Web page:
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TorchDriveSim is a lightweight 2D driving simulator, built entirely in PyTorch, primarily intended as a training environment for developing autonomous driving algorithms

Project description



TorchDriveSim is a lightweight 2D driving simulator, built entirely in PyTorch, primarily intended as a training environment for developing autonomous driving algorithms. Its main features are:

  1. Fully differentiable execution producing a single computation graph, including state transition (kinematic models) and observation (differentiable rendering) models.
  2. First class support for batch processing, down to the lowest level.
  3. Support for heterogeneous agent types (vehicles, pedestrians, cyclists, etc.), each with its own kinematic model.
  4. Extensible and customizable implementation of kinematic models (unconstrained, unicycle, bicycle, etc.), rendering modes, and rendering backends.
  5. Support for extensible traffic control types, including traffic lights.
  6. Differentiable implementations of various infraction metrics (collisions, off-road, wrong way).
  7. Modular collection of wrappers modifying the simulator's behavior.
  8. Ability to ingest any map in Lanelet2 format out of the box.
  9. Integration with IAI API for initializing agent states and providing realistic behaviors.

Simulator Architecture

The simulated world consists of the following elements:

  1. Static background, by default including road (drivable surface) and lane markings, represented as a triangular mesh.
  2. Control elements, represented by rectangles with internal state. The simulator does not enforce their semantics.
  3. A collection of agents grouped into arbitrary types. All agents are rigid rectangles.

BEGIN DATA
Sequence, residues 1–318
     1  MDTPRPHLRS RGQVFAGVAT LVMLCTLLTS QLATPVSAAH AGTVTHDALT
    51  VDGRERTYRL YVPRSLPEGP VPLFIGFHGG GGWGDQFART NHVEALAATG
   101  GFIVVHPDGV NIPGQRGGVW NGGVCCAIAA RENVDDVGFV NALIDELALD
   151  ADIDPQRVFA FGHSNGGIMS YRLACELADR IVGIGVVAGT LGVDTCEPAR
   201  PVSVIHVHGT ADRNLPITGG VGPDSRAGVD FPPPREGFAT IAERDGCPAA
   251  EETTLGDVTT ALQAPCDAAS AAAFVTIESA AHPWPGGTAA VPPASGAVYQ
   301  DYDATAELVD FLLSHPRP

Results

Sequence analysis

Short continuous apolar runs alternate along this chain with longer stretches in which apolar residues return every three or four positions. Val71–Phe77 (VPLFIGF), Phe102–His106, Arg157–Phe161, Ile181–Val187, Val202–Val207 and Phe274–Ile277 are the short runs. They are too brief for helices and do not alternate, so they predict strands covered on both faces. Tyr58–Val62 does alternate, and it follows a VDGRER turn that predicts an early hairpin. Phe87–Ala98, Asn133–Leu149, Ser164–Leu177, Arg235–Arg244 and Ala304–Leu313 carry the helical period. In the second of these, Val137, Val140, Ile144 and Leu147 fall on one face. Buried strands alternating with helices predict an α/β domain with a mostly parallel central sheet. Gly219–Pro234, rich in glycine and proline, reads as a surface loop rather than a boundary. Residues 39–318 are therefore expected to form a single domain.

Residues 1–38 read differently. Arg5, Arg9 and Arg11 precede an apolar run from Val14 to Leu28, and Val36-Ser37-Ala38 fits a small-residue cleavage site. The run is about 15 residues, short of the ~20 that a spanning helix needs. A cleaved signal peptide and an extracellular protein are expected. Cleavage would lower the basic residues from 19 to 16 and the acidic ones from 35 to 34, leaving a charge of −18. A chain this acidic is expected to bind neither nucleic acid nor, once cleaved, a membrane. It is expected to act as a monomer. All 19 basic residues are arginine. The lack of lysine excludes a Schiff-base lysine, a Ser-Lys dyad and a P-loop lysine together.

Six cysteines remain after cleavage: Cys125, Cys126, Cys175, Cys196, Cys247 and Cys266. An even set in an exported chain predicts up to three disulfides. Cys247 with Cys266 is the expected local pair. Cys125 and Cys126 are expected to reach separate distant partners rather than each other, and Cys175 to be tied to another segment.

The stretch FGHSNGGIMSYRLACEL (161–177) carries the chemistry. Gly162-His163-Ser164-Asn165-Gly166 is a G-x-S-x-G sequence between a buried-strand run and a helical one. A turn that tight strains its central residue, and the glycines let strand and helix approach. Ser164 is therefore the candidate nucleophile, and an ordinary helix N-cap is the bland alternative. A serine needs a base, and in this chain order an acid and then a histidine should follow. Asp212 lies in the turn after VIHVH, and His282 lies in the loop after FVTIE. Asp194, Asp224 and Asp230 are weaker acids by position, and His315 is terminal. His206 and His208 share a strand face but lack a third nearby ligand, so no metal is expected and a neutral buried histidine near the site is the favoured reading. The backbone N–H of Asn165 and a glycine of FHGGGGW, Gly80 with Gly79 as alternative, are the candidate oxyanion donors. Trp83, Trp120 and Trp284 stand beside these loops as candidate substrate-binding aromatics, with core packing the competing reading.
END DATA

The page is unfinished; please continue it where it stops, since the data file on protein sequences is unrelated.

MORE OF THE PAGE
4. Per agent type kinematic models, defining the agents' action space and how actions translate into motion.
  5. A configurable renderer, displaying the world form bird's eye view (birdview), using a customizable color map.

Each agent is described by its static attributes (length, width, and others as needed by kinematic models), dynamic state (x, y, orientation, speed), and a flag (present mask) indicating whether a given agent is currently alive. At each time step, the agents perform actions, which in turn determine their next state. The simulator allows the agents to overlap, which is identified as a collision but not prohibited, and the states of different agents do not influence each other except through the agents' actions. The simulator can operate either in homogeneous mode (all agents are the same type and their states and actions are tensors), or in heterogeneous mode (there are multiple agent types and their states and actions are dictionaries mapping agent types to tensors). To support both modes, most operations are applied as functors, which lift a function acting on a single agent type into a function acting on all agent types. However, this behavior should be transparent to users who do not modify the simulator code.

The base simulator requires actions for all agents and does not modify their presence masks. For convenience, we provide various wrappers modifying the simulator's behavior, such as by controlling a subset of agents (by replay or pre-defined ontrollers), removing agents that exit the designated area, monitoring infractions, recording video, and many others. Unless specified otherwise, the wrappers can be combined in different orders to reach desired effects.

Behavioral Models

The hardest driving scenarios are those that require interactions with other road users. When building simulated environments it is crucial to ensure that the other agents behave realistically, but achieving that is not easy and TorchDriveSim is flexible in terms of how those other agents are controlled. We provide a simple heuristic that achieves minimally sensible driving, noting that in most cases it will be unsatisfactory and requiring additional extensions. We also facilitate log replay and demonstrate how to use recorded actions from the INTERACTION dataset. However, such replay is not reactive, often resulting in spurious collisions.